National scams awareness week 2018
Ever gotten a threatening phone call that didn’t seem quite right? You’re not alone. Find out more about threatening scams in National Scams Awareness Week #Isthisforreal
It’s rare to find someone who hasn’t received a scam call or email. Scammers are more tactical with online personal data than ever before, with 16,770 reports of attempts to gain personal information in 2018 alone. These security breaches can cost people their savings, privacy and personal safety.
This year’s National Scam Awareness Week focuses on threat-based impersonation scams. These come in many forms, but the methodology remains the same. The target of the scam will be contacted by someone who claims to be a representative of a company the target is familiar with, such as a phone company or tax office.
Falling for these trickers is more commonplace than you would imagine. It’s typical to hear stories from people who have been scammed such as “…he knew my name, address, tax file number… I believed him.” or that “…they said my house was under surveillance.”
The scammer will then detail how the target owes a large sum of money and failure to pay will result in severe criminal punishment or fines. There have been cases where people said that the scammers threatened that “…if I don’t pay in the next 10 minutes, legal action will occur.” or “… I am sure that he said, ‘we will kill you’.” Obviously, this would be alarming news to anyone, and scammers are relying on people not verifying the facts before handing over money or information.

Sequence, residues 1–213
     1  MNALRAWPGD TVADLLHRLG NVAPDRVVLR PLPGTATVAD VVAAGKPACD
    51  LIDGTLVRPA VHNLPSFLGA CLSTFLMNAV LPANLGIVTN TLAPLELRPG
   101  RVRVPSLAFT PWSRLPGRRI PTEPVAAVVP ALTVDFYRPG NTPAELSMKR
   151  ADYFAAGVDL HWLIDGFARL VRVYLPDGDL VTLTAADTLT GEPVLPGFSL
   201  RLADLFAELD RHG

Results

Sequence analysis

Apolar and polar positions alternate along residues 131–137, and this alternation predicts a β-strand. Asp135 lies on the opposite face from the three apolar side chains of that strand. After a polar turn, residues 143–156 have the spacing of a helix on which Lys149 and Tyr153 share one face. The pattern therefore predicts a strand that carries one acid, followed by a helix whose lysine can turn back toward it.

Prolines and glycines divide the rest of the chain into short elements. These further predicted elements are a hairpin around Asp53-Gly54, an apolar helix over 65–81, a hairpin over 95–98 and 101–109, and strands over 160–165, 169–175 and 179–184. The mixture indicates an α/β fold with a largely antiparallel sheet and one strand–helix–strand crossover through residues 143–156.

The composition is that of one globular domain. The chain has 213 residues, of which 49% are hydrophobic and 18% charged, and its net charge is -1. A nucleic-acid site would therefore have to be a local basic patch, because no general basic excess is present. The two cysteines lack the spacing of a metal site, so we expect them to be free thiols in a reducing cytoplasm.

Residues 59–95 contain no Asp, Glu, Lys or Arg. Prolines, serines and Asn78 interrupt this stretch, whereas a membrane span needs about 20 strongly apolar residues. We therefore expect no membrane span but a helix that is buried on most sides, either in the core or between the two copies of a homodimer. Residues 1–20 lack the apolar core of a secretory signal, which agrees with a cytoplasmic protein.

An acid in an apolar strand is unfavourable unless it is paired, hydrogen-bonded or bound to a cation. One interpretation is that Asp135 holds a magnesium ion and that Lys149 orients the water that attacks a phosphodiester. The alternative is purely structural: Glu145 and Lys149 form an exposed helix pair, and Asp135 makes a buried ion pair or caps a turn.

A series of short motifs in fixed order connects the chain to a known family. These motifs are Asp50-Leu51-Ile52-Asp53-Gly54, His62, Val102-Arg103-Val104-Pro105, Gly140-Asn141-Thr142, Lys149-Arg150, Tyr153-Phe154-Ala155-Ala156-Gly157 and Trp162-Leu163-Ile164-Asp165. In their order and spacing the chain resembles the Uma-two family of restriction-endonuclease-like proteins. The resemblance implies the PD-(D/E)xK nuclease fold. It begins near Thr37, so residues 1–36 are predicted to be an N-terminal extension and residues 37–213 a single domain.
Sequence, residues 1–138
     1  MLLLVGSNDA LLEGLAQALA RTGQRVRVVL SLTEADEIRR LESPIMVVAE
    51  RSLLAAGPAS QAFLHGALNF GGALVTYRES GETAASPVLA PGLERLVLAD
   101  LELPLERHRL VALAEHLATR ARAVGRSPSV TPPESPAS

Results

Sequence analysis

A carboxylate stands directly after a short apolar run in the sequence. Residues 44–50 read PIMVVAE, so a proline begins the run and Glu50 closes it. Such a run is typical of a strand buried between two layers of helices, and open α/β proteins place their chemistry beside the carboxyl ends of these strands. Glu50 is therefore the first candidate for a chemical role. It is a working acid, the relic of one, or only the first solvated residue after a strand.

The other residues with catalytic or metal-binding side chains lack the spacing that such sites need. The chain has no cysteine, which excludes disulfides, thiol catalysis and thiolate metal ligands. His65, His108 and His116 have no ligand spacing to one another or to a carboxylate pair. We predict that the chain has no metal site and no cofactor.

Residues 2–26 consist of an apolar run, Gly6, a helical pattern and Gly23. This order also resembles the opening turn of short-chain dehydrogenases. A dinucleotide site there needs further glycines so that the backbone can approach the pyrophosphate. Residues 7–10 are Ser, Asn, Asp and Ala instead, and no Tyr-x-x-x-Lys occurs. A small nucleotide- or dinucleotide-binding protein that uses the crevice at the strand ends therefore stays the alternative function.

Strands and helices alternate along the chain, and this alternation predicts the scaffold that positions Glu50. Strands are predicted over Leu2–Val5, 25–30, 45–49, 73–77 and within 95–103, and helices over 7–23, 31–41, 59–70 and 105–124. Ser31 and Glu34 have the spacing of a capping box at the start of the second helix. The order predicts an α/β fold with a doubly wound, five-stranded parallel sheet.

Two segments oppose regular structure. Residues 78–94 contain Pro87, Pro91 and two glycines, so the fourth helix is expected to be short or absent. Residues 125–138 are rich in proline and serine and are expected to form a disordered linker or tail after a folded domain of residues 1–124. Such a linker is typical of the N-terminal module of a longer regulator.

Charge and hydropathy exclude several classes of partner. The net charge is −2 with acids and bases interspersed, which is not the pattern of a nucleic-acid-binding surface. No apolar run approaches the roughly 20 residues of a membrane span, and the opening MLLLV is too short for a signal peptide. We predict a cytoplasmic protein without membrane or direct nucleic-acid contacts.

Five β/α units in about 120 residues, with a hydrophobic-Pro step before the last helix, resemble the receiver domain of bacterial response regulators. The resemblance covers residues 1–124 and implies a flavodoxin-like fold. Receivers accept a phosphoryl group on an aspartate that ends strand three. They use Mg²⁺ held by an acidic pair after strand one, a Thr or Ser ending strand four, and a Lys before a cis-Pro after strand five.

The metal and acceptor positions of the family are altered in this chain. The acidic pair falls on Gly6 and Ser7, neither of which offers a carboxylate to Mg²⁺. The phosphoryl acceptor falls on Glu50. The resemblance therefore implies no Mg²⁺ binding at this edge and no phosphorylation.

- 33,000 threat-based scams reported
- Over $4.7 million reported lost
- People aged 65+ have the most reports and the highest losses
- Scam contact method – 16% email vs. 84% phone call
- 35% of scammers claim to be from Telstra, while 22% claim they are from the Australian Tax Office
How you can protect yourself
Protecting yourself is easy. If at any time you feel the person contacting you is not on the level, simply hang up the call or delete the email. Organisations such as the ATO or Telstra will not contact people directly in such a fashion, instead relying on mail, and you can call them directly to confirm the matter. The ATO recommend that you call 1800 008 540 to verify contact enquiries. Do not reveal personal information such as bank account or credit card details even if they claim they want to know for security purposes or the matter is urgent.
If you or someone you know feels like they have been scammed, contact the police and your bank or credit card provider as soon as possible. SCAMwatch is another great resource for scam monitoring or consumer fraud activities. And remember to tell your friends to keep looking out for potential scams in emails or over the phone.
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